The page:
Energy and environment

Germany is one of the largest energy markets in Europe and therefore has a strong impact on European and global policy in this area. It currently produces energy with coal, gas, renewable energy and nuclear power. However, it imports about two thirds of the energy consumed, in particular oil, which accounts for 33.2% of total consumption, and gas (21.1% of total consumption). In 2011, the Nord Stream gas pipeline came into operation which, across the Baltic Sea, connects Russia to Germany and the European distribution system, with an initial transportation capacity of 27.5 billion cubic meters of gas. The dependence on Russia has become the central theme of the energy debate in Germany: the outbreak of the Ukrainian crisis and the rupture of relations with Putin’s Russia – with the consequent economic sanctions imposed by the EU – in fact lead to fears of Moscow’s retaliation in this sector, where Berlin it is more exposed.

The other major topic of discussion in energy policy concerns the use of nuclear power. Currently, Germany produces 8.3% of the energy consumed with nuclear power, a percentage more or less halved compared to a decade ago since, in the early 2000s, coalition governments formed by SPDand Verdi, in concert with the energy industry, promoted a program for the phasing out of nuclear power by 2020. Following the Fukushima disaster in Japan and the greater weight obtained on the political scene by the Greens, thanks to the result of the elections administrative of 2011, Chancellor Merkel gave a decisive push to this program, announcing the total abandonment of nuclear power by 2022. The challenge of the German government would therefore become that of significantly increasing the production of renewable energy and energy efficiency. However, the abandonment of nuclear power is translating, at least in the short to medium term, into the need to increase the use of coal (the most polluting of fossil fuels).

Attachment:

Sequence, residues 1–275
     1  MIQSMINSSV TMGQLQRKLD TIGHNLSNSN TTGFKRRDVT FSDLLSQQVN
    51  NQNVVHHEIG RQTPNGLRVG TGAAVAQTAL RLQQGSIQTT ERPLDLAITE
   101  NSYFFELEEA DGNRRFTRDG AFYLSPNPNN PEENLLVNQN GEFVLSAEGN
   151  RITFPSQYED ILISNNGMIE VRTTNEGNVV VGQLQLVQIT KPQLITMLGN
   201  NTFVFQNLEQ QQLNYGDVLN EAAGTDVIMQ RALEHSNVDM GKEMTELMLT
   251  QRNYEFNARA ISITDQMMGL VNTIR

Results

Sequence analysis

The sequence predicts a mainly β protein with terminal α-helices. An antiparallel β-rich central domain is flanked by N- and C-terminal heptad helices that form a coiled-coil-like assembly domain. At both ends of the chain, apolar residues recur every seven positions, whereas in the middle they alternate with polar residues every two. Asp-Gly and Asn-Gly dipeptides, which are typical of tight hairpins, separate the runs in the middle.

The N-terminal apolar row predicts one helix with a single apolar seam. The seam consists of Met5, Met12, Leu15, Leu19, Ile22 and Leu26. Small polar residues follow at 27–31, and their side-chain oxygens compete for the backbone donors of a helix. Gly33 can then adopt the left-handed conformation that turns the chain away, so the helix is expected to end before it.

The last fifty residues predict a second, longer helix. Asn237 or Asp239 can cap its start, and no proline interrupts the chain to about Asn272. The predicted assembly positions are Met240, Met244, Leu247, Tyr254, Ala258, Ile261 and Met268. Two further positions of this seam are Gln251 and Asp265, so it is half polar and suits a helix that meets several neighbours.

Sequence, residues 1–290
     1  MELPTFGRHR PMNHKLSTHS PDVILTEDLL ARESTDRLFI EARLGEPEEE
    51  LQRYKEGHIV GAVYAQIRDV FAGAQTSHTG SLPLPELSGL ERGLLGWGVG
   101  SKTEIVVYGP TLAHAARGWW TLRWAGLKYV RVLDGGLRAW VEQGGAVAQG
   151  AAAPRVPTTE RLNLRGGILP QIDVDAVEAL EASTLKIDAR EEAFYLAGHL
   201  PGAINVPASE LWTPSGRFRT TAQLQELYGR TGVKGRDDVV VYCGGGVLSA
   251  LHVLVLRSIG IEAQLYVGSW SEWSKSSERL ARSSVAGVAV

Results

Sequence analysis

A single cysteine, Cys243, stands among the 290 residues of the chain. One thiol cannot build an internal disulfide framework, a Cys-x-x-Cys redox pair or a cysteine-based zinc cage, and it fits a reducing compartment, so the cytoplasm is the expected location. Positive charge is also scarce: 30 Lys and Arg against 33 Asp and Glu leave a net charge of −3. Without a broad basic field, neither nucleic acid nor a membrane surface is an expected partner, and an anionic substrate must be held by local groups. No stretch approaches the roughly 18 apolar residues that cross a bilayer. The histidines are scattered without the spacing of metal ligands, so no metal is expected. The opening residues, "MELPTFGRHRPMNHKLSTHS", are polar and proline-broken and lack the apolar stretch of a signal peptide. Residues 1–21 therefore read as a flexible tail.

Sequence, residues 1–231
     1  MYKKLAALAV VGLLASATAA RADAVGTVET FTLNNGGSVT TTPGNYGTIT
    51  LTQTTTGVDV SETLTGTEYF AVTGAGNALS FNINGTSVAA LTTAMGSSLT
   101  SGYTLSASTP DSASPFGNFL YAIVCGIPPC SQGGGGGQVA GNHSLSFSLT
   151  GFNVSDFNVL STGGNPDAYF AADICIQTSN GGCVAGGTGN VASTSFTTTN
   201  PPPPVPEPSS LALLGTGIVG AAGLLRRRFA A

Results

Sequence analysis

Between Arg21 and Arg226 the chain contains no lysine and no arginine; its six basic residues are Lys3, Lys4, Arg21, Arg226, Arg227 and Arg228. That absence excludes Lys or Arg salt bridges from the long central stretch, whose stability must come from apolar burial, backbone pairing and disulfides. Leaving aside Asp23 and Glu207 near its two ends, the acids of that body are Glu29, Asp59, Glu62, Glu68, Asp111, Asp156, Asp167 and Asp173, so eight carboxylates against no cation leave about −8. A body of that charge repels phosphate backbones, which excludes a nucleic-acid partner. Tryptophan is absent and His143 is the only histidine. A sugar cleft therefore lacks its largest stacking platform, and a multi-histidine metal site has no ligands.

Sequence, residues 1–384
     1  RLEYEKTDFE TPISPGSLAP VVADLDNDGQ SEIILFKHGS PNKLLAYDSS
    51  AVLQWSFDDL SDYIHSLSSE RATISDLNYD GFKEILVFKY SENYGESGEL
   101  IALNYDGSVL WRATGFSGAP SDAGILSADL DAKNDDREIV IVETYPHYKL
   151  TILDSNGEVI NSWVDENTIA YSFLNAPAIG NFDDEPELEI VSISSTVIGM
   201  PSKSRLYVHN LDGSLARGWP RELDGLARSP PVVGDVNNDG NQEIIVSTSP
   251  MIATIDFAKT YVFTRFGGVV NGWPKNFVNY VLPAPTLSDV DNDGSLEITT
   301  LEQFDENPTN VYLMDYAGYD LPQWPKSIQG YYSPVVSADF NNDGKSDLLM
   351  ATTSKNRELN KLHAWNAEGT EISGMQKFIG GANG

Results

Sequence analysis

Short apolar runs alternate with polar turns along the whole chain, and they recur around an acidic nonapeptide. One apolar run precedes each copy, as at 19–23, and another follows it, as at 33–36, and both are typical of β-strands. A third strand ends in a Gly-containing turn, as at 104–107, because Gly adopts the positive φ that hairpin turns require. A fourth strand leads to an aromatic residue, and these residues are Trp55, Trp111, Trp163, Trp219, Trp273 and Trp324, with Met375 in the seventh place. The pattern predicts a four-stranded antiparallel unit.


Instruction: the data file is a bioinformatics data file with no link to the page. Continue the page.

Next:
Since the plan for the gradual closure of the country’s atomic reactors was launched, the consumption of coal has increased significantly and its component in the total energy mix is ​​rapidly approaching 30%: a very high value for a European country (the United United, for example, uses coal to produce about 16.8% of its energy needs), which has significant consequences in terms of environmental impact, especially considering that Germany is the largest consumer of energy in Europe (excluding Russia). The choice to reduce nuclear power also has implications for the future of German energy politics and dependence, since it could increase Germany’s dependence on imports from Russia, but also from France, for nuclear power. That said, environmental policy: it consists in making renewables a cornerstone of energy production by 2050. The latter accounted for 12.6% of energy production in 2012 compared to 3.4% in 2000. In recent years, substantial funding has been offered to the sector – developing biomass and wind power in particular – in order to reach the 35% target by 2020.

Germany Environment